Jackson’s first trip back to Middle Earth in almost ten years shows that he never forgot what made his first excursion so memorable and adored.  Nothing changed—in a good way.  Even the score is identical.  The Shire just wouldn’t be the Shire without its theme.  Despite the fact that the events of The Hobbit take place sixty years before The Lord of the Rings, audiences recognized Middle Earth as they knew it from the preceding films.  Of course, it helped that Jackson filmed in New Zealand yet again, but the set design and art direction didn’t change. Jackson didn’t try to pull anything on audiences like a play for a younger demographic or amplify what made the first three films into cinematic masterpieces.  He simply told the story.  The Older Bilbo (Ian Holm) and Frodo (Elijah Wood) appear in the film to reintroduce audiences to Middle Earth.  Despite the opening scene not happening in the book, seeing Frodo and the elder Bilbo again let audiences know that they were in the same world and these would be the same characters they remember and love.  One could even compare the elder Bilbo’s narration to that of Galadriel’s narration in The Fellowship of the Ring because the opening scenes are narrated in order to describe what happened before the events of the film.

We’re reintroduced to Bilbo (Martin Freeman) as a younger hobbit in the same scene where we see Gandalf’s (Ian McKellan) familiar face for the first time.  This idea is very clever as we see a character we’re well-acquainted with that introduces us to a character we know before he became that character.   After this, we meet the dwarves in a pseudo-montage.   The dwarves are shown as having some differences between them but are more-or-less interchangeable save for Thorin Oakenshield (Richard Armitage) who is presented as an Aragorn-esque figure: heir to a throne, leader, fierce warrior, serious and beloved.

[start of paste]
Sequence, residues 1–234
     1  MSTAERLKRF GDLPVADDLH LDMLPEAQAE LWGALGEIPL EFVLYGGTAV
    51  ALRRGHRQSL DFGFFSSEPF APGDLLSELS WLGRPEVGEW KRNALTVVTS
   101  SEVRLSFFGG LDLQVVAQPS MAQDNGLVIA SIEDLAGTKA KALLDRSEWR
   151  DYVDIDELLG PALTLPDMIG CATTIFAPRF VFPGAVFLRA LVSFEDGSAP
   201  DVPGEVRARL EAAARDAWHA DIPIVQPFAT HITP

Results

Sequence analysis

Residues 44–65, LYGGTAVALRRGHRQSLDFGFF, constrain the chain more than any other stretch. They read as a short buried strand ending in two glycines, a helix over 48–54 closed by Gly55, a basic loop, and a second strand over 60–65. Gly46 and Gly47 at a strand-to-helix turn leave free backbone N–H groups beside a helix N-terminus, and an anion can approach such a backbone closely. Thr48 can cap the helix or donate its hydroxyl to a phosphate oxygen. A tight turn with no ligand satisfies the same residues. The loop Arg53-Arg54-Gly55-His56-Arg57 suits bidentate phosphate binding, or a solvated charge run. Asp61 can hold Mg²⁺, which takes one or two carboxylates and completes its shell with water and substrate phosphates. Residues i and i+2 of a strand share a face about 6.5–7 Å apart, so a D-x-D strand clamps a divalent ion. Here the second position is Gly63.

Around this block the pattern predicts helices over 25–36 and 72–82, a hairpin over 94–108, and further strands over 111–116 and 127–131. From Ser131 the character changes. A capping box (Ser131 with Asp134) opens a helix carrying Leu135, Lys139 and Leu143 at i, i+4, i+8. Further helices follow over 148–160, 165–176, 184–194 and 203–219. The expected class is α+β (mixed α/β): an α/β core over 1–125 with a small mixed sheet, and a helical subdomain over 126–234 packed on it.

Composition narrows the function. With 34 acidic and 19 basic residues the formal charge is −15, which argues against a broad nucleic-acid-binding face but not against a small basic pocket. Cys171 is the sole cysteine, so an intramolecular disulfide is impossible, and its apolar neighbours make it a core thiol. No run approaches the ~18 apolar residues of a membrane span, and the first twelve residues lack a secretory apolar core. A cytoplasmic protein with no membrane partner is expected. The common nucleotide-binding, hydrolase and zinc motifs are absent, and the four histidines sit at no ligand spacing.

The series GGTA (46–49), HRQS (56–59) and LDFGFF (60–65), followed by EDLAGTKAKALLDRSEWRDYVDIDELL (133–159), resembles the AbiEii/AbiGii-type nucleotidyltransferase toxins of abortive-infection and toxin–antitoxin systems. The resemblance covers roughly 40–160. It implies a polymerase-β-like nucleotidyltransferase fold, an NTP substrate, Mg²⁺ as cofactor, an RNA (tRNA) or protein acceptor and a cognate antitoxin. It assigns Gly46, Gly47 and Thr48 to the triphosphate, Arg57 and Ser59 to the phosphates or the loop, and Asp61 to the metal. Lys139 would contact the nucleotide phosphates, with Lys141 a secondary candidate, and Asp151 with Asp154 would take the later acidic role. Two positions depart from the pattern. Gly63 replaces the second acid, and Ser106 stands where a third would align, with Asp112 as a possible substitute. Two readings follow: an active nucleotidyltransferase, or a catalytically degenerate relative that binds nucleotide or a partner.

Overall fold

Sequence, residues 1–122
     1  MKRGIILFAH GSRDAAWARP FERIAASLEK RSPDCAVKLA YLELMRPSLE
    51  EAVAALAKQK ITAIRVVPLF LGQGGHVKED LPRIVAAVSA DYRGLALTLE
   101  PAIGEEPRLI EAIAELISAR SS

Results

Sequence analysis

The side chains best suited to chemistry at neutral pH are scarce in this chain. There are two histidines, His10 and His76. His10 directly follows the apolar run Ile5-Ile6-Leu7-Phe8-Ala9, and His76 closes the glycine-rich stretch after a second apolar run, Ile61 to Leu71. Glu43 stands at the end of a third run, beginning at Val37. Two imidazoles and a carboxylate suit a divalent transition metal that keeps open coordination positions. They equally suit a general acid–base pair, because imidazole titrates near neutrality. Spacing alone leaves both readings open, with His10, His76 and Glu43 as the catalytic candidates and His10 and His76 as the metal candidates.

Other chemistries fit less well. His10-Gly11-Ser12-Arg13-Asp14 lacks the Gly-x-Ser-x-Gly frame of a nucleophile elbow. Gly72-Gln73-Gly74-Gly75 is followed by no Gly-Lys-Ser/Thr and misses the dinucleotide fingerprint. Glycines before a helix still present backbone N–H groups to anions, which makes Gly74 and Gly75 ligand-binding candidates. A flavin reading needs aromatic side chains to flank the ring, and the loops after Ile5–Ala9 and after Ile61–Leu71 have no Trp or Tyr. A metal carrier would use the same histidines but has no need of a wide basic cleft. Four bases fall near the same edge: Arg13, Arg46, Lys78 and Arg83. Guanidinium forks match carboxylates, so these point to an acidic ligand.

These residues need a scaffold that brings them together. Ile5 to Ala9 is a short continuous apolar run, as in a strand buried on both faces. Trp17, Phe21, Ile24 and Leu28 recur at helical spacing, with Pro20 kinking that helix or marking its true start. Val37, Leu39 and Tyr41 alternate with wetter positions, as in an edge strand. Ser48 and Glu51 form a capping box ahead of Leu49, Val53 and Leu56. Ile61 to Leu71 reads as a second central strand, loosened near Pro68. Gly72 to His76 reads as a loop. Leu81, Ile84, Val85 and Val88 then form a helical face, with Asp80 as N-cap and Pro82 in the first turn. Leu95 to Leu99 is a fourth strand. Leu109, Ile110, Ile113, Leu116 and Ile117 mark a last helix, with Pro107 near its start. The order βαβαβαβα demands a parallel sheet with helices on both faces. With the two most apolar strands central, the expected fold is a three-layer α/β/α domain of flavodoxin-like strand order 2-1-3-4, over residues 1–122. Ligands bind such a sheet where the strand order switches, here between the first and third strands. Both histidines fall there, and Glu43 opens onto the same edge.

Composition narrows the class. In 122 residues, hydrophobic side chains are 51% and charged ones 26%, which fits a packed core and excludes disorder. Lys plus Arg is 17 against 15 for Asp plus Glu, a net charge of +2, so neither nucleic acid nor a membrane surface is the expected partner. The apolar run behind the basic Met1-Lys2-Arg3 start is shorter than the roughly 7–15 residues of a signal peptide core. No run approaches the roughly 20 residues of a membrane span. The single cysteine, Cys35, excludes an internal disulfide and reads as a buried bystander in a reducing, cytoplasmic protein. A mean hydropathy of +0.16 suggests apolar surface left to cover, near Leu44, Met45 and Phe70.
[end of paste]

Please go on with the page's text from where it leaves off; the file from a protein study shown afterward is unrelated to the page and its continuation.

Jackson especially keeps us grounded in the Middle Earth from his earlier trilogy when Bilbo, Gandalf and the dwarves arrive in Rivendell.  In Rivendell, we see a few more familiar faces: Elrond (Hugo Weaving), Galadriel (Cate Blanchett), and Saruman (Christopher Lee). In fact, the Rivendell scenery itself looks just as it did in the first trilogy. Nothing is lost or forgotten.  The Rivendell sequence also shows Bilbo’s fascination with the civilization that came into play inThe Fellowship of Ring when Bilbo retired from the Shire to Rivendell.  Andy Serkis returned as Gollum to lose not only the one ring, but a game of riddles as well.  Serkis’s performance as Gollum this time around seemed more sympathetic and pitiful, perhaps because of Jackson’s direction in relation to the plot.  Early in the film, Gandalf tells Bilbo that true power lies in the knowledge of when to spare a life, and not when to take one.  This wisdom manifests itself when Bilbo has the option to assassinate Gollum on the way out of the mountain and makes the conscious decision to let Gollum live. Of course the inclusion of these characters are in the book as well, but the fact that Jackson was able to recast each actor/ actress in their respective roles is a testament to his devotion to the film and each actor/ actress’s dedication to their roles—even it was just a cameo for most.